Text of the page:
Despite the risk of kicking off another "Film is better! No, digital is better!" squabble (stop looking at me, swan), I alert you to FilmDrunk's news that some digital projectors are dimming 2D films by up to 85 percent. Says the Boston Globe:

The uniting factor is a fleet of 4K digital projectors made by Sony—or, rather, the 3D lenses that many theater managers have made a practice of leaving on the projectors when playing a 2D film. Though the issue is widespread, affecting screenings at AMC, National Amusements, and Regal Cinemas, executives at all these major movie theater chains, and at the corporate offices of the projector’s manufacturer, have refused to directly acknowledge or comment on how and why it’s happening.

There are always growing pains with new tech, but the dimness of some 3D presentations is crummy enough already without affecting 2D presentations too. Part of it's lazy/cheap theaters and projectionists not having their bulbs on full in order to save time/money; some of it's projectors—like the Sony ones in question—that, unless a lens is changed, suck out a bunch of the light; some of it's the fact that unless you're James Cameron and smart enough to make Avatar an almost hallucinogenically bright experience from the get-go in order to offset 3D's inherent dimness, 3D visuals usually come out looking muddy and shadowy. (The 3D screening of Pirates of the Caribbean 4,000 I saw over the weekend was so goddamn dim that it looked like I was watching a movie through sunglasses. Which I guess I was.)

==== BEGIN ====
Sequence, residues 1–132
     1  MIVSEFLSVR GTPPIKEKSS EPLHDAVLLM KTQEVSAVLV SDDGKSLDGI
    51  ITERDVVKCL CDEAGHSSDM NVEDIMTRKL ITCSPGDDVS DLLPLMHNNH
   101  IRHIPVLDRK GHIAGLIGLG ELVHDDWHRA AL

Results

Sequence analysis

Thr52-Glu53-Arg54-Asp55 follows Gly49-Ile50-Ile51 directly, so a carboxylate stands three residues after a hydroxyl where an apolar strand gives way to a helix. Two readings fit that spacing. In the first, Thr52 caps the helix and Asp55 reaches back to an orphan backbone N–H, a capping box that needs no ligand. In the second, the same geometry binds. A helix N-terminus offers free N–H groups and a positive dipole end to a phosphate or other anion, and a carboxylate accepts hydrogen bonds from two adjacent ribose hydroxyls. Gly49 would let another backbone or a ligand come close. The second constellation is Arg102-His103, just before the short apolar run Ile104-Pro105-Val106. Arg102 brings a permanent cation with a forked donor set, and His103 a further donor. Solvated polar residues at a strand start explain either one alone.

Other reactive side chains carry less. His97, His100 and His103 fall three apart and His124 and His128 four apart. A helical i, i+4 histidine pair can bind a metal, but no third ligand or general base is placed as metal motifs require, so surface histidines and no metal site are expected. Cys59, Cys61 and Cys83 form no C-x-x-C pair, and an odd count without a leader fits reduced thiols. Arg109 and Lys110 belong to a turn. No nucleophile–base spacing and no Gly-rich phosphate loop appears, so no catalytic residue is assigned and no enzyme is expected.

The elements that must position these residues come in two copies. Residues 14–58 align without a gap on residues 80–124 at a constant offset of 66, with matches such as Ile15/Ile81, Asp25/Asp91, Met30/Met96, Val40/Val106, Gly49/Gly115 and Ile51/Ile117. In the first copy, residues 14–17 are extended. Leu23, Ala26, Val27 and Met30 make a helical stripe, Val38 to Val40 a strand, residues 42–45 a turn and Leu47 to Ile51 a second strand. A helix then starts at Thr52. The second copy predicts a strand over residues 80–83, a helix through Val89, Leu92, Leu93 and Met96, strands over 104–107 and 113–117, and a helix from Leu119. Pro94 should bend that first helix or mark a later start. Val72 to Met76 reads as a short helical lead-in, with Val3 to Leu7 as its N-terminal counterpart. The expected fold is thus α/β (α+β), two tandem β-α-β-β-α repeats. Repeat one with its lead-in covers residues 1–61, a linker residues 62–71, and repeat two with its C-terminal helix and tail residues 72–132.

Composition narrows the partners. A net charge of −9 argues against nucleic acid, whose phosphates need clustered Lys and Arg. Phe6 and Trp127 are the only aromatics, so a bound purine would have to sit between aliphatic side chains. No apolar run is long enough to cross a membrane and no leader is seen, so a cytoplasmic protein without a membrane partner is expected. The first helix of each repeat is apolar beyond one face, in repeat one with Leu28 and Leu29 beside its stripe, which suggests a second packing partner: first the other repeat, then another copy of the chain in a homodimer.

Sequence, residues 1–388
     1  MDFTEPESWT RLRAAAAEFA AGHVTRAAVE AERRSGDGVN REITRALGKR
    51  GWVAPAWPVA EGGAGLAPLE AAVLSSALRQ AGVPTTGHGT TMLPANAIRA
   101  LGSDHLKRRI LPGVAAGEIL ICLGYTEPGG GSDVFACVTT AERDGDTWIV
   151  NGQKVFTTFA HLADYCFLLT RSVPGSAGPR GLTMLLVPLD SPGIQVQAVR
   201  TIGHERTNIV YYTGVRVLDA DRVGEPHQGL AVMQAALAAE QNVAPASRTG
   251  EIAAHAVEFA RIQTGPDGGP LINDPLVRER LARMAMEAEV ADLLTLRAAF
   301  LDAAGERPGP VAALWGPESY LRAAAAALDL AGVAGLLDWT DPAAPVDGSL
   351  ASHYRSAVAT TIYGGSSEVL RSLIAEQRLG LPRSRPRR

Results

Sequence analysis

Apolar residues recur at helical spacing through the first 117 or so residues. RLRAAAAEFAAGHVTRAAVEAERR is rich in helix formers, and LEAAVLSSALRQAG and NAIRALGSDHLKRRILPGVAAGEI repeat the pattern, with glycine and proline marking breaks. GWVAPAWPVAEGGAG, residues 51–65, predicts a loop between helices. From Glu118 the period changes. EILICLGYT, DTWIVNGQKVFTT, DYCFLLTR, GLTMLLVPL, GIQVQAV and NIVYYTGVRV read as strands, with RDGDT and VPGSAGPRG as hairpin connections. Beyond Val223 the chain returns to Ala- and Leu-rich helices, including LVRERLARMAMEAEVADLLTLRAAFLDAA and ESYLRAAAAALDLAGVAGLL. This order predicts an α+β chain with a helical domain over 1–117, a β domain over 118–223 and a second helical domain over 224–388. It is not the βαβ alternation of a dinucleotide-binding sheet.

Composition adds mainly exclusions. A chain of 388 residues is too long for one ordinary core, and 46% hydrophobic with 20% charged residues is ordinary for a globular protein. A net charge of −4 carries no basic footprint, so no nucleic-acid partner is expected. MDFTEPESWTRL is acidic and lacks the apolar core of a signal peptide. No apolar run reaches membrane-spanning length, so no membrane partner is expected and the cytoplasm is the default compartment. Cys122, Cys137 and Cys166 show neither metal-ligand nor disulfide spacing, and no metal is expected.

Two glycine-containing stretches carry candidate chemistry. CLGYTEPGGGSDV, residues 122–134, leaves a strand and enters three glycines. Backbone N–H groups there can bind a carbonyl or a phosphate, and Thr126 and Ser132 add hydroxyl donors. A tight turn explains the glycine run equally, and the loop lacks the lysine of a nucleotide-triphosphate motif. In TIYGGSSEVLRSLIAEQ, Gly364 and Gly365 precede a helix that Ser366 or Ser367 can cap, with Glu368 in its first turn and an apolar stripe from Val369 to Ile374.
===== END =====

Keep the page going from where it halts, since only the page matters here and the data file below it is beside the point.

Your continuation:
But hey. Even though theater projection is getting less and less reliable, at least the DVD and Blu-ray market is thriving, right? Oh. Wait.